For these reasons, I am not going to infer too much from the data beyond the obvious facts:  the city of Santa Cruz has some of the highest crime rates of any city in the state.

The UCR program reports crime at the city level in 10 categories:  Violent Crime, Murder and Non-Negligent Homicide, Forcible Rape, Robbery, Aggravated Assault, Property Crime, Burglary, Larceny-Theft, Motor Vehicle Theft, Arson.

Here is the good news:  your car is relatively safe in Santa Cruz.  Not really safe, but out of 170 cities with 50,000+ population reporting in 2011, Santa Cruz only ranks 90th in auto theft.  Your car probably won’t get stolen. (Note – the rate of motor vehicle theft jumped dramatically in 2012, from 305 per 100K population to 433, but Santa Cruz only climbed to 82 in the statewide rankings).

Now, the bad news:  nothing else is safe here.

I compared crime rates from 2009-2012 between Santa Cruz and cities with nearly identical demographics (age, income, population) and rates of crime in Santa Cruz were 3x-5x higher across the board.  I then compared Santa Cruz to traditionally high crime areas, thinking perhaps Santa Cruz might look better in comparison.  Compton, California is a case study in violent crime.  And Santa Cruz exceeds Compton in 2012 per 100,000 population in property crime, burglary, larceny-theft, and has comparable levels of aggravated assault, and 60% of Compton’s overall level of violent crime (72% of Compton’s level of violent crime in 2011).   The same picture arises if you compare Santa Cruz to blighted communities in the central valley, such as Stockton and Fresno.  Santa Cruz beats major cities, for example Los Angeles and San Francisco, on a per 100,000 basis in nearly all categories, and often by large margins.

I tried casting the statistical net a little wider, and looked at how Santa Cruz compares to every single city in the state with a population between 50,000 and 62,000 (approximately 40 cities surveyed).  Here are the comparative 2009-2012 results by UCR category.

Violent crime

2009 Santa Cruz is 1st in California

2010 Santa Cruz is 1st by a margin of nearly 30%

2011 Santa Cruz is 2nd

2012 Santa Cruz is 1st

Murder and Non-Negligent Homicide -

2009 Santa Cruz is 7th

2010 Santa Cruz climbs to 3rd

2011 Santa Cruz drops to 26th

2012 Santa Cruz climbs to 9th

Forcible Rape

2009 Santa Cruz is 1st

2010 Santa Cruz is 2nd

 2011 Santa Cruz is 2nd

2012 Santa Cruz is 1st                                                                  

Robbery -

2009 Santa Cruz is 10th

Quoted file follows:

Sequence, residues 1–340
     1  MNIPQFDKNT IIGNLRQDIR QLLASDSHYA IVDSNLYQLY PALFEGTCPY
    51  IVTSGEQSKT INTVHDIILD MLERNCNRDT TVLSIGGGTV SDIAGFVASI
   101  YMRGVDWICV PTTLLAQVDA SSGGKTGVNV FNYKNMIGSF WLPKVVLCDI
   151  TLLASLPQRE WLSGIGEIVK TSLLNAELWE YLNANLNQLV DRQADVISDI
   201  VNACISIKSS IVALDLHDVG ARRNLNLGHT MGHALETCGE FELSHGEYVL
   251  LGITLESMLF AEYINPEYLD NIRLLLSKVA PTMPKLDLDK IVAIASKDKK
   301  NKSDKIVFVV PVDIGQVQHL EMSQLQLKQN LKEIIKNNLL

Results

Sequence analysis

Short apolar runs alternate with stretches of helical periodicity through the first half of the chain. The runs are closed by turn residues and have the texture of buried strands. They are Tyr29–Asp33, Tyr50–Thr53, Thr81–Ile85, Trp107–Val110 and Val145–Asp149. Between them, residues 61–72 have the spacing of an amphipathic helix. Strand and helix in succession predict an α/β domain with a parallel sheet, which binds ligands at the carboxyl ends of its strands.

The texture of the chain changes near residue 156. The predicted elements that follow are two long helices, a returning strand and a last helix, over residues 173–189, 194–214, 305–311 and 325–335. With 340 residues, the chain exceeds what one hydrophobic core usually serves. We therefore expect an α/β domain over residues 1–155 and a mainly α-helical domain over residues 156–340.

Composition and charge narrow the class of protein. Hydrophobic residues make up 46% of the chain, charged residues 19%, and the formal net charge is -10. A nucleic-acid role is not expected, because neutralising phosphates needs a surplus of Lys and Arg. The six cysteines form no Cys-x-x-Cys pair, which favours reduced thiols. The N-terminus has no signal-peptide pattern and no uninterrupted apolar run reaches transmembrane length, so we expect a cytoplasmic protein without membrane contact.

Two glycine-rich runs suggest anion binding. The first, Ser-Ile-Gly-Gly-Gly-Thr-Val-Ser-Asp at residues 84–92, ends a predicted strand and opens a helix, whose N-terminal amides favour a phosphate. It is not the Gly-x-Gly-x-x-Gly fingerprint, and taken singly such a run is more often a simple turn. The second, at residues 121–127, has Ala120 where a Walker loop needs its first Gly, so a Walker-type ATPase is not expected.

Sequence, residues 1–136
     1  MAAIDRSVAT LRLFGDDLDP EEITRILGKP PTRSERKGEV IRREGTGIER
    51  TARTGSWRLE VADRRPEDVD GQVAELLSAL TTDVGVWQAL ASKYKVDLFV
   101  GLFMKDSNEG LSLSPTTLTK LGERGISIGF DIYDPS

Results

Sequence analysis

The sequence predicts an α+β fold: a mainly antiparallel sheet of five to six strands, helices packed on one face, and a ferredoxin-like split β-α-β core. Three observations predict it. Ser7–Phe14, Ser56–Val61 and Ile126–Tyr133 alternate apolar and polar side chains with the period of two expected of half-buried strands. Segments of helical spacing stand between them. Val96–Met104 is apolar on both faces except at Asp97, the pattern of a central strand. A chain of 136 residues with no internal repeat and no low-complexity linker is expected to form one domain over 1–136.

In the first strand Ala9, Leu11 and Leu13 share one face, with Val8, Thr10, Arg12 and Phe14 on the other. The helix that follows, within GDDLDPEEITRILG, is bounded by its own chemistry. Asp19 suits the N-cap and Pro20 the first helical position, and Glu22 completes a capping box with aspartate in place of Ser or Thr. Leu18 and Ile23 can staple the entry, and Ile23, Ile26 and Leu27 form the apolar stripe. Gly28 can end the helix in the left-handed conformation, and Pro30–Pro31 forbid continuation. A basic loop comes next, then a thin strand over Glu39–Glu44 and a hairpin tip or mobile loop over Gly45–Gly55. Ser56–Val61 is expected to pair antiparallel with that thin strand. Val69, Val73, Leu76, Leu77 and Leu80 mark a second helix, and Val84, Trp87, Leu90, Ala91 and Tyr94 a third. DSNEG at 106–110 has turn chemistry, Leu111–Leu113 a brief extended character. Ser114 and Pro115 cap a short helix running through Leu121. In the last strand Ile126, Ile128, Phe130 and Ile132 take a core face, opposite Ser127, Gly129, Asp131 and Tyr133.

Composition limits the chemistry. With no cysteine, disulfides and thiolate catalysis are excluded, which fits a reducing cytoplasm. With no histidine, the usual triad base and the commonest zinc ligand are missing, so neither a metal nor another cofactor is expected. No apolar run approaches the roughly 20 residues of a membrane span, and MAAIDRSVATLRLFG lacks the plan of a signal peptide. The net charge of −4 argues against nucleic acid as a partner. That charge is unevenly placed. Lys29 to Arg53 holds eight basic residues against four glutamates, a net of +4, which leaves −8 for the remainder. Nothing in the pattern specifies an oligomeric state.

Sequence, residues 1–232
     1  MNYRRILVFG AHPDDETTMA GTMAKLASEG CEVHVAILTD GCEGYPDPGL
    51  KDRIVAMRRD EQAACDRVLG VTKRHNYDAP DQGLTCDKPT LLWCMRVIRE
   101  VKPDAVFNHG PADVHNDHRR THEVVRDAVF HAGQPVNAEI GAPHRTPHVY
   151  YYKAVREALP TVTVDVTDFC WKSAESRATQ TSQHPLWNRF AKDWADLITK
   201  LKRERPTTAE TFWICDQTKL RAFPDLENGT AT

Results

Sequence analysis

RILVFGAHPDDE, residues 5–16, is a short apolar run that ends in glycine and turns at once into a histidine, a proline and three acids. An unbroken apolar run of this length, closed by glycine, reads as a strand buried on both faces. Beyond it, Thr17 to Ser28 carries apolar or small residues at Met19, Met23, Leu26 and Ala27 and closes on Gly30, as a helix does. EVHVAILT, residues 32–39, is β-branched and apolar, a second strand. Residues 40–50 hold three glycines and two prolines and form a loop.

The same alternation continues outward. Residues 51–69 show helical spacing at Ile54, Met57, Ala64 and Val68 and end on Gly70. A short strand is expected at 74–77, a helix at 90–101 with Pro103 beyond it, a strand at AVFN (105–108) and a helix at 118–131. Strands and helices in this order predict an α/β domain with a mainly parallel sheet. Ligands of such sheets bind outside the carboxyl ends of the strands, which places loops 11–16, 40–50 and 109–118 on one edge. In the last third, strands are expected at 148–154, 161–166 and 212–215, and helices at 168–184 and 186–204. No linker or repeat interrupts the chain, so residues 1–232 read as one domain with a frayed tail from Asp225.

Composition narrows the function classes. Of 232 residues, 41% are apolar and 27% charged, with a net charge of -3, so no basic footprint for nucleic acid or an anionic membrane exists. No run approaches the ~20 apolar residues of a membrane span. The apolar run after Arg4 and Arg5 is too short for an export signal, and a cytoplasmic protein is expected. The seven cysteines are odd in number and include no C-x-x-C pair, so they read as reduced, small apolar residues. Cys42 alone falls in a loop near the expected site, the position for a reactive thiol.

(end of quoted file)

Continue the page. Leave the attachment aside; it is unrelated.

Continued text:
2010 Santa Cruz is 4th

2011 Santa Cruz is 5th

2012 Santa Cruz is 10th

Aggravated Assault -

2009 Santa Cruz is 1st

2010 Santa Cruz is 1st

2011 Santa Cruz is 1st

2012 Santa Cruz is 1st

Property Crime -

2009 Santa Cruz is 1st

2010 Santa Cruz is 1st

2011 Santa Cruz is 1st

2012 Santa Cruz is 1st

Burglary -

2009 Santa Cruz is 6th

2010 Santa Cruz is 6th

2011 Santa Cruz is 5th

2012 Santa Cruz is 9th

Larceny-Theft -

2009 Santa Cruz is 1st

2010 Santa Cruz is 1st

2011 Santa Cruz is 1st

2012 Santa Cruz is 1st

Motor Vehicle Theft -

2009 Santa Cruz is 19th

2010 Santa Cruz is 20th

2011 Santa Cruz is 16th

2012 Santa Cruz is 14th

Arson-

2009 Santa Cruz is 5th

2010 Santa Cruz is 4th

2011 Santa Cruz is 11th

2012 Santa Cruz is 4th

I then compared Santa Cruz to Californian cities with 50,000 population and above.  In 2011, among 170 cities surveyed, Santa Cruz was 8th in Violent Crime, 10th in Forcible Rape, 6th in Aggravated Assault, not far behind Oakland, Richmond, Compton and Stockton; in Property Crime and in Larceny-Theft Santa Cruz was number one in the state, among all cities with 50,000 population and above.  In 2012, among 238 cities Santa Cruz was 16th in Violent Crime,  4th in Forcible Rape, 13th in Aggravated Assault, 2nd in Property Crime and 1st in Larceny Theft.

Santa Cruz is not having a ‘crime spike’ these past years.  Crime statistics have been at these levels for over 20 years.  And property crime levels are rising since 2008, and continue to rise.

Since arriving in Santa Cruz in 2006, my wife and I have been the victims of:  sexual battery, attempted home invasion (a male under the influence, with a weapon, kicked in the front door), automobile vandalism, 4 stolen bicycles, one stolen bicycle seat, and we have witnessed innumerable drug sales, fights and prostitution on a daily basis.